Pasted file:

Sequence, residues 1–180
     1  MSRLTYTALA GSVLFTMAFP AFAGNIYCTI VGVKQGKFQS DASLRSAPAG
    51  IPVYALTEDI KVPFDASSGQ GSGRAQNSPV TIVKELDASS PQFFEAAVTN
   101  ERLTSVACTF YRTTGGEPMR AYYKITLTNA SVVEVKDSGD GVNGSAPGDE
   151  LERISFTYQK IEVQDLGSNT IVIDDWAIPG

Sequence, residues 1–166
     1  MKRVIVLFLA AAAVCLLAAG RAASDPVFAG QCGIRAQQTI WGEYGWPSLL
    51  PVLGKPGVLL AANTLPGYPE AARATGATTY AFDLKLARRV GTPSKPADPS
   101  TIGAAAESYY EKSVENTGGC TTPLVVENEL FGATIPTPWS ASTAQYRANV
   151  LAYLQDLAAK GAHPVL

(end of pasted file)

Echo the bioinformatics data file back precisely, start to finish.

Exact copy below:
Sequence, residues 1–180
     1  MSRLTYTALA GSVLFTMAFP AFAGNIYCTI VGVKQGKFQS DASLRSAPAG
    51  IPVYALTEDI KVPFDASSGQ GSGRAQNSPV TIVKELDASS PQFFEAAVTN
   101  ERLTSVACTF YRTTGGEPMR AYYKITLTNA SVVEVKDSGD GVNGSAPGDE
   151  LERISFTYQK IEVQDLGSNT IVIDDWAIPG

Sequence, residues 1–166
     1  MKRVIVLFLA AAAVCLLAAG RAASDPVFAG QCGIRAQQTI WGEYGWPSLL
    51  PVLGKPGVLL AANTLPGYPE AARATGATTY AFDLKLARRV GTPSKPADPS
   101  TIGAAAESYY EKSVENTGGC TTPLVVENEL FGATIPTPWS ASTAQYRANV
   151  LAYLQDLAAK GAHPVL